3 The EGM aims at reaffirming African countries position in two CSD-16 thematic areas: Africa and Land. Furthermore, the ACSD/RIM along with the UN-HABITAT Side-event on land for sustainable urbanisation in Africa brought out the role urban land plays in achieving the Millennium Development Goals and sustainable development in Africa. The EGM will exchange on specific areas and progress knowledge. In particular: Interest generated before and after ACSD on urban land issues supports the need to further discuss the challenges and opportunities of land in African cities and towns in member States efforts towards sustainable development. Several African countries are taking positive steps in improving their land management practices. The EGM will also discuss amongst others issues: the urban-rural linkages, land for housing and slum upgrading, role of land in poverty reduction, livelihood (e.g. peri-urban and urban agriculture), land and food security in the context of rapid urbanization and continuous decline of rural population, land market and forced evictions, land governance and land management. The EGM will be the opportunity to highlight and debate urban land issues for informed decisions. The EGM will also outline and reaffirm Africa key messages / recommendations and position on the land issues to be promoted at CSD Potential issues to be discussed Governments should strengthen their capacities to respond to the pressures caused by rapid urbanization.... Particular attention should be paid to land management in order to ensure economical land use, protect fragile ecosystems and facilitate the access of the poor to land in both urban and rural areas 2 Land is a complex and conflicting issue, which could be approached from various angles. Working on land issues in Africa requires consultative and coordinated efforts to deliver substantial and sustainable outputs. Working with development partners, grassroots, Member State, local government, private sector and developers, professional and other actors in the land sector is essential for uncovering viewpoints and perspectives. UN-HABITAT is working with various development partners in different African countries along with local communities on a range of land issues. This EGM contributes to the UN-HABITAT approach to advance knowledge and provide a forum for exchange to take the land agenda forward. This EGM will discuss how sustainable urbanization is interwoven with rural development as well as the means to address the complex informal settlement issues. The role of land in the rural-urban linkages will be discussed in the context of sustainable urbanization. For example, participants will discuss issues of land management, security of tenure, gender and land rights, land governance, and land markets. 1. Rapid urbanization of African cities and towns as well as the increasing number and size of slums constitute a serious challenge for sustainable urbanisation and development in Africa. Given the critical role of cities and towns in the economic progress of the region as well as 2 United Nations Population and Development, vol. 1: Programme of Action adopted at the International Conference on Population and Development: Cairo: 5-13 September 1994, Section 9.1. New York: Department of Economic and Social Information and Policy Analysis, United Nations. Page 3 of 7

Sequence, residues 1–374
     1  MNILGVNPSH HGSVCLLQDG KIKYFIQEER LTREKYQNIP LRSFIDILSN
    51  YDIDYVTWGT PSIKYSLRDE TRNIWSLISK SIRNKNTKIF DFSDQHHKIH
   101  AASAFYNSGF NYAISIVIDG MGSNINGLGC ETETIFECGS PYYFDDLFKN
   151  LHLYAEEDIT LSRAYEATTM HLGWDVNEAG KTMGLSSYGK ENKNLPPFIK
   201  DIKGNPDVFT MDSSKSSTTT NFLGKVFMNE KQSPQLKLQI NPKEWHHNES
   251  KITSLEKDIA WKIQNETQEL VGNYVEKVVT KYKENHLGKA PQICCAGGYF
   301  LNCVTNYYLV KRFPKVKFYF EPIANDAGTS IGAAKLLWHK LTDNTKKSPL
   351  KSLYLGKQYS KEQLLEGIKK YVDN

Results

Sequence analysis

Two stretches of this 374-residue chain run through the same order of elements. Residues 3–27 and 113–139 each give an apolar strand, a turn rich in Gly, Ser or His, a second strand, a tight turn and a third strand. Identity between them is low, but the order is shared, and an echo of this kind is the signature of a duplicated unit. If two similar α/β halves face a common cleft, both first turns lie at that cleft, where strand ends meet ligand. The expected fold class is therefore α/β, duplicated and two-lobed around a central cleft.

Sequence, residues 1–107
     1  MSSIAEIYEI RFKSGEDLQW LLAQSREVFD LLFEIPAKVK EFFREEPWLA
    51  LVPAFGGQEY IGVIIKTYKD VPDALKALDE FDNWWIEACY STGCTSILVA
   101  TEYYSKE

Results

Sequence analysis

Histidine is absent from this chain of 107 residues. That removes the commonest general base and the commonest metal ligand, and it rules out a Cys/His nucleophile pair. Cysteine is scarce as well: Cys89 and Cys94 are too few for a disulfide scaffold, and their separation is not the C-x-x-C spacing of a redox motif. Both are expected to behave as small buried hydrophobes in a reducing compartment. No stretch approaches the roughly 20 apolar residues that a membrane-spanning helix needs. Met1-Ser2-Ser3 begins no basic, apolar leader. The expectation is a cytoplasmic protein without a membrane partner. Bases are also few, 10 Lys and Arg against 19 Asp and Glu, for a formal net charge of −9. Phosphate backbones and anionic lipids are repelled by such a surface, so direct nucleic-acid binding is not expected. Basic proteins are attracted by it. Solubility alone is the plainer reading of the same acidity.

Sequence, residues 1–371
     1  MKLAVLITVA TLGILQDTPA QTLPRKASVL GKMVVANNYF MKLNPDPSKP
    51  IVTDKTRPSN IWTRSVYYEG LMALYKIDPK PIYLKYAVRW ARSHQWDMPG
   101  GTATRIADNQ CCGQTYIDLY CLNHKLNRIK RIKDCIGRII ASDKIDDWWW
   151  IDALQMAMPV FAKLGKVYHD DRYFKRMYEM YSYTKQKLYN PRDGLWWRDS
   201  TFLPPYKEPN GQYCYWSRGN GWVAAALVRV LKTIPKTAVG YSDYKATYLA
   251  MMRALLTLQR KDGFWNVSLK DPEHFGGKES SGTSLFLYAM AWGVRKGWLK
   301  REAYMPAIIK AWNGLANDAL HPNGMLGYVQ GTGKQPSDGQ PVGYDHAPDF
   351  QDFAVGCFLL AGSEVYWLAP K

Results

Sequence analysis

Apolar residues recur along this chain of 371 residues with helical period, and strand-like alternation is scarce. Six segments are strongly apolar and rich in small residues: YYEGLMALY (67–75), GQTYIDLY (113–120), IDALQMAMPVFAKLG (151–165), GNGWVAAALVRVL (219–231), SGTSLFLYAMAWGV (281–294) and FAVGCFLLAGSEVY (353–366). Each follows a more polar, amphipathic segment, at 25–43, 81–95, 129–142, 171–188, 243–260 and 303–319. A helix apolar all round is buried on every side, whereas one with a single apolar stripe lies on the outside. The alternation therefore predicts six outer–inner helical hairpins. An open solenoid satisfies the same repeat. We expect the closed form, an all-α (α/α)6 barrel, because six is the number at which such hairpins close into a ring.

4 their fair share in the GDP, in the future, sustainable development in Africa cannot be achieved without sustainable urbanization. 2. The Pan African Land Policy Framework, an African Union Commission, United Nations Economic Commission for Africa and the African Development Bank (AUC/ECA/AfDB) initiative, in collaboration with the Regional Economic Communities (RECs), and other partners, aims to develop a framework and guidelines for land policy and land reform in Africa, with clear benchmarks and indicators for its implementation. The Initiative is an Africa led and owned process, which deserves support and advocacy at regional and global level. 3. Security of tenure is another critical element in achieving in sustaining human settlements (including shelter, livelihoods and infrastructures delivery). Human activities are anchored in land, where rights (e.g. ownership, use and lease) must be safeguarded. Security of tenure is therefore a key incentive for people to invest, promote social harmony and protect the environment. Several African countries are adopting new form of securing, documenting and managing land rights. There is a greater recognition that security of tenure is a lot more than freehold titling and individual rights. For example, it can include: (i) tenancy agreements such as temporary residential or occupancy license (Tanzania, Madagascar, Nigeria); (ii) written agreement or contract between buyer and seller and witnessed by an authority (Ghana); (iii) Flexible Land Tenure System and titles in Namibia; (iv) customary land rights and local land boards (e.g. Botswana, Uganda, Namibia, Kenya); (v) coownership (Mozambique); (vi) communal titles in South Africa; and land holding rights certificates in Ethiopia. In Africa, access to security of tenure based exclusively on the allocation of registered rights and individual property titles is neither necessarily efficient, relevant to many African countries realities, equitable nor affordable. There is a need to formalize various tenure arrangements and practices in Africa to suite needs, objectives and development strategies. Innovative and diversified tenure form options, including leases, rental contracts and various informal arrangements ought to be promoted. Many African countries are now adopting the continuum of land rights while documenting land and property rights, beyond just (individual) title. 4. In Africa, land market (both informal and formal; sale and rental) is largely distorted and skewed towards the minority high and middle-income earners. Protecting valuable environmental and agricultural land from rapid and unplanned urban expansion is a genuine concern for many African governments. The problem, however, is that African Governments do not always have the will and capacity to plan for the future, but also because most lands are controlled and owned by private and private interests making it difficult to service land at affordable prices. Furthermore, the poorly regulated land and housing markets make serviced land less accessible, available and affordable to the poor and hinder economic growth. Poor regulation means that people in slums pay more for land, infrastructure and services than people living in planned and serviced plots. Unregulated land markets contribute to municipalities inability to implement equitable land value capture and property tax systems, reduce land speculation and enforce land use planning. 5. The issue of gender and land rights is critical in Africa. There is a need to improve gender sensitiveness, inclusiveness and mainstreaming at all levels, including land policy and reform formulation and/or implementation, capacity building and security of tenure, budgeting as well as in the regional and continental land related initiatives. The AU/ECA/AfDB land policy framework for Africa could further steer up the process of addressing gender equity, gaps and biases in land policy development and implementation. A gender mechanism could be a way to operationalise mainstreaming in land. UN-HABIAT promotes gender equity and mainstreaming in policies, legislations and practices particularly to improve land access and rights in the context of customary marriages, polygamy, inheritance and estate management and HIV/AIDS. Page 4 of 7